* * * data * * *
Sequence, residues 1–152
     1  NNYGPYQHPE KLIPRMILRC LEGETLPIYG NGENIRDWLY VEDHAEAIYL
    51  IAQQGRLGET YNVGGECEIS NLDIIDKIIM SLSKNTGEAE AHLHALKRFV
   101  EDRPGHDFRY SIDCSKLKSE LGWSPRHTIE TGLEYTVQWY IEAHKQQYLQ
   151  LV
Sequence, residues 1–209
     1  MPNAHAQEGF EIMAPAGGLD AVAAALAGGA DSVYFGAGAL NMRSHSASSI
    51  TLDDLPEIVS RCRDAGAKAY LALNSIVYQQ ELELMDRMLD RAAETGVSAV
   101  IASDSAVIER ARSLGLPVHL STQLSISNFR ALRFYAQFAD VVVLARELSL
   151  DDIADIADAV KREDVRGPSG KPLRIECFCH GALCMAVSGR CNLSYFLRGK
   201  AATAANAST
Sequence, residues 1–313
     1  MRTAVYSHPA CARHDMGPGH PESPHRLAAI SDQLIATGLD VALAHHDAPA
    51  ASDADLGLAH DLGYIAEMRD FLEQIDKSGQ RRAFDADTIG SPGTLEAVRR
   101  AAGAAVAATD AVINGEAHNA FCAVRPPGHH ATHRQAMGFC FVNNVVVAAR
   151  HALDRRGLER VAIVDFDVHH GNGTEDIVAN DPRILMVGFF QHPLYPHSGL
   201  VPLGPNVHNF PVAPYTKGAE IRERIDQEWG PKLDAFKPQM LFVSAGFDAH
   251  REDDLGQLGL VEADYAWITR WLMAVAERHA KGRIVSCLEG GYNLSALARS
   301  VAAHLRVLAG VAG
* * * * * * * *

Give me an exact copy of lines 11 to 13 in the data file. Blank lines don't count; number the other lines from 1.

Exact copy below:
   201  AATAANAST
Sequence, residues 1–313
     1  MRTAVYSHPA CARHDMGPGH PESPHRLAAI SDQLIATGLD VALAHHDAPA